The humble programme (program in the US!) has long been the souvenir of choice for the fans in the stands on match days up and down the country and Internationally. As the years have moved on and mass production is now possible, the programme has become bigger and with more pages. This has made it a great advertisement tool, with the power to reach thousands of people every week.
The programme started life around the late 1880s as a scorecard which would have been a single card or sheet with dateline, team names and player positions. Aston Villa were one of the first clubs to publish a programme. Pre-war and early 1950s programmes are rare to come across since the vast majority were recycled for the war effort and post-war austerity.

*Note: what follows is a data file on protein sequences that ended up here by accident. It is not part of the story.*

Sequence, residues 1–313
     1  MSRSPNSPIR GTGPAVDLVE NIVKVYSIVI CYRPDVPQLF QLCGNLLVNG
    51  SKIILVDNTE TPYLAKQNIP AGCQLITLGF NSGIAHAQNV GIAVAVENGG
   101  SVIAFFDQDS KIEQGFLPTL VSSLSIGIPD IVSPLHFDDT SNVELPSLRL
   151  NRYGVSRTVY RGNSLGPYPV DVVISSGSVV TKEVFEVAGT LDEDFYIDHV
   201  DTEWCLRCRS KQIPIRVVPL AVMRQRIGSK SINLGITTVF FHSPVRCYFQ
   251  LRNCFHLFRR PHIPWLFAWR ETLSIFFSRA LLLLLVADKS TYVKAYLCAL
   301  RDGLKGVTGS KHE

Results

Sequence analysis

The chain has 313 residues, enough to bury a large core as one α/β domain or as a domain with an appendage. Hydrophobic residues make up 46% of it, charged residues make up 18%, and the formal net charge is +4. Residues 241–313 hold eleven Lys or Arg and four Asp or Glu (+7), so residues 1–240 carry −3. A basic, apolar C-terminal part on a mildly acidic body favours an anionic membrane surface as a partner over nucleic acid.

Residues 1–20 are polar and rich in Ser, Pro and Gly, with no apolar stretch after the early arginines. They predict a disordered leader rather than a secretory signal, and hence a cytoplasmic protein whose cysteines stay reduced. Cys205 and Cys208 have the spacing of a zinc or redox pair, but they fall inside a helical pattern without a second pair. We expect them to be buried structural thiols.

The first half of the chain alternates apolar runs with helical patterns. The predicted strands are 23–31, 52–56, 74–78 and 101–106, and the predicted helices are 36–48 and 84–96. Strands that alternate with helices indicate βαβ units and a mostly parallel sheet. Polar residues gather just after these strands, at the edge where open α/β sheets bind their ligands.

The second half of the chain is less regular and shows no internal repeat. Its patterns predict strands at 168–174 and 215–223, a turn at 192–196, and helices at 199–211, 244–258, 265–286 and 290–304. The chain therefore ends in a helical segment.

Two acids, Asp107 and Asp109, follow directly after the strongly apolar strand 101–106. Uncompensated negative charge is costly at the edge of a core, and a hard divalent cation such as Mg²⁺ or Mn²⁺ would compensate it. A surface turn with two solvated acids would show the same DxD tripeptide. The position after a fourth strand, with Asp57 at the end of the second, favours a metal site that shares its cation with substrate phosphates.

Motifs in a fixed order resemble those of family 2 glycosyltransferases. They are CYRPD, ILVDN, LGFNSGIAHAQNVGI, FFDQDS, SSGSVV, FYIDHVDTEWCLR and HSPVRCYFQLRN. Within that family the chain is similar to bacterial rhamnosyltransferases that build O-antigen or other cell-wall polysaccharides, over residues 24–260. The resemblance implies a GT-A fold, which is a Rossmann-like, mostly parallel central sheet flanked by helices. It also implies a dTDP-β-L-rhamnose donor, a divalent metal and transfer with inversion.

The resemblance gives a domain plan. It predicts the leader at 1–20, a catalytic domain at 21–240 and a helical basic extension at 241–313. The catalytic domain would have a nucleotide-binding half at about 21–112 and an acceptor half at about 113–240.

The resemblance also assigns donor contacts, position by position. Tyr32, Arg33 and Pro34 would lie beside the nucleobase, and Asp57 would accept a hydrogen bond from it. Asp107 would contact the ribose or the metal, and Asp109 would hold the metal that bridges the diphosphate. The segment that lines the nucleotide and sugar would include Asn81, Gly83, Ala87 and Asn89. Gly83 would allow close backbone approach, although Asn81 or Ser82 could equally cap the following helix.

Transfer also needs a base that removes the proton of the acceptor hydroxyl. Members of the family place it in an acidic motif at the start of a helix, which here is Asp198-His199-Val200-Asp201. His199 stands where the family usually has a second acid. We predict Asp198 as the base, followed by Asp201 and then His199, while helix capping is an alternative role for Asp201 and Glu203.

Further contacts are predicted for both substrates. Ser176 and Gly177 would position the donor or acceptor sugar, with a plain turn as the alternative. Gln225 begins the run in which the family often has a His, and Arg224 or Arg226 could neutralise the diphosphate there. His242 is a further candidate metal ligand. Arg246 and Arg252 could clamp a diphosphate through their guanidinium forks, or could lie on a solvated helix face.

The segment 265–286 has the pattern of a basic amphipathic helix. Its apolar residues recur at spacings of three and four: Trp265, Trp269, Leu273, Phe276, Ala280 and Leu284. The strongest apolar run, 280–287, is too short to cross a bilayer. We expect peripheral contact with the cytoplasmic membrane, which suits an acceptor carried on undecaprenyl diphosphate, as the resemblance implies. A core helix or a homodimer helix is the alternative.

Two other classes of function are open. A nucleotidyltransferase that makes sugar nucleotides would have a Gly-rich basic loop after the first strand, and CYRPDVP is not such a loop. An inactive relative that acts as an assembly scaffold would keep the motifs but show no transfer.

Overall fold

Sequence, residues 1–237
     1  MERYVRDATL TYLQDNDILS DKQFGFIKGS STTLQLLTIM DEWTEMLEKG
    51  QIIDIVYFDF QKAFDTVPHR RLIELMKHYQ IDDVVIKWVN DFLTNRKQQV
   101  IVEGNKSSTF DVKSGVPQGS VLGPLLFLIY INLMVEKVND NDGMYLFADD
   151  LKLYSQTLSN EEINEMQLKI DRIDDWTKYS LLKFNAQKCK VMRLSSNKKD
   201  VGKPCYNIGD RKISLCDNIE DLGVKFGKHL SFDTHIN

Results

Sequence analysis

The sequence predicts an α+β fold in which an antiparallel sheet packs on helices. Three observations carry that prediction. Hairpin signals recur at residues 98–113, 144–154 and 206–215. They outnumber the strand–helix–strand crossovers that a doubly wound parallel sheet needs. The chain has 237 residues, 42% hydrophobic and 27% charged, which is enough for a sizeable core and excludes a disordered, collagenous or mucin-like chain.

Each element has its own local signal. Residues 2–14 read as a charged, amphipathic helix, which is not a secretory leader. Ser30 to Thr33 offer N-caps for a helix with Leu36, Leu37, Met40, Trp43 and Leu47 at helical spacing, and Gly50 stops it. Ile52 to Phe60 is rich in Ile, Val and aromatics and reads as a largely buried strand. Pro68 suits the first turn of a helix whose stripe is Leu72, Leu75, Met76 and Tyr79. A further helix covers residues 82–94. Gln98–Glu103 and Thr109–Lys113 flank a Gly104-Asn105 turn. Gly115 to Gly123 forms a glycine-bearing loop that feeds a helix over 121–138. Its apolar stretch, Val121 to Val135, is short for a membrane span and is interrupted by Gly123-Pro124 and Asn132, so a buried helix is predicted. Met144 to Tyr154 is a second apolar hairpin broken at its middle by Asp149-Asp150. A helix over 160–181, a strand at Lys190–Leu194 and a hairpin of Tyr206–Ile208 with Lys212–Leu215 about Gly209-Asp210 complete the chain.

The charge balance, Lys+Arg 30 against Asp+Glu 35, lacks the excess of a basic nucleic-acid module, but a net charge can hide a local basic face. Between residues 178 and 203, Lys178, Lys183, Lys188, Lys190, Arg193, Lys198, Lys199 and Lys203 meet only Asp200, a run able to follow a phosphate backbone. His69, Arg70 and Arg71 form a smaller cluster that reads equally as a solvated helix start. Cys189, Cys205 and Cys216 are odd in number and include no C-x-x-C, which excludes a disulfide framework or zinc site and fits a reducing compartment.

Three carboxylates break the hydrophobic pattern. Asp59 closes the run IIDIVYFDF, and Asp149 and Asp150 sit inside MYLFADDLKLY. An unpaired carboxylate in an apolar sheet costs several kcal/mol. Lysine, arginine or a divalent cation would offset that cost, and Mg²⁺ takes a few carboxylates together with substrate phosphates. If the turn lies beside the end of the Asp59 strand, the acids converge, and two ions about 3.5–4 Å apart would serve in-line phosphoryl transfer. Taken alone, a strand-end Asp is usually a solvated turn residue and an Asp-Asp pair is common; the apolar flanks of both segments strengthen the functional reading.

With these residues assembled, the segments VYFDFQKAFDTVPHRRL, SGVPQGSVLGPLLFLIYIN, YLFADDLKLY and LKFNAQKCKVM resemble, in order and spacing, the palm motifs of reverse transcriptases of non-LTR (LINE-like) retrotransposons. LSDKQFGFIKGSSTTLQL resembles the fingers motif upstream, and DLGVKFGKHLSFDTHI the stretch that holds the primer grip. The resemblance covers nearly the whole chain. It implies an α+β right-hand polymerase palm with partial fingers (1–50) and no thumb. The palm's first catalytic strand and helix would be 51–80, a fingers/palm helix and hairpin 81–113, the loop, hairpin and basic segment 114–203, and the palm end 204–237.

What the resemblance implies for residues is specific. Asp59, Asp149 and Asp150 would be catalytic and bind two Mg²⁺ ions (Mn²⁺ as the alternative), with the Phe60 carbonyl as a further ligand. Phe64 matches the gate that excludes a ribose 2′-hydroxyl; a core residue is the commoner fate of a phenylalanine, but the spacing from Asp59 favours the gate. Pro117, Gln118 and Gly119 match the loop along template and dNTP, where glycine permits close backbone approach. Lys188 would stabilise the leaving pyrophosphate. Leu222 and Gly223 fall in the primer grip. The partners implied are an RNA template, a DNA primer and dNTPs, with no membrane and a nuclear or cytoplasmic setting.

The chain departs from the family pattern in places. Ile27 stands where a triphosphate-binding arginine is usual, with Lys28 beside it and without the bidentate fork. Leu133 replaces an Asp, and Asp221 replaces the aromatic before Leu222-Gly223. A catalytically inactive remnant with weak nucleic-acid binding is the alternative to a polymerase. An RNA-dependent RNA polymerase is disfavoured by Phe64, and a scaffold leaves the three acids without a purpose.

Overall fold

Certain clubs have a dedicated programme shop, these are few and far in between, usually independent traders must be relied on to boost the collection. With the birth of the internet it has become easier for collectors to buy and sell, this has had a negative impact as well, with prices falling. Dealers and collectors alike can still pick up bargains however even in rarities due to shortfalls in description for example.
Perhaps the most famous club programmes are the Manchester United v Sheffield Wednesday FA Cup game in February 1958. This was United's first game after the tragic Munich Air Disaster and out of respect the United team layout was left blank. And the 1966 World Cup Final, although the latter has had at least two reprints over the years.
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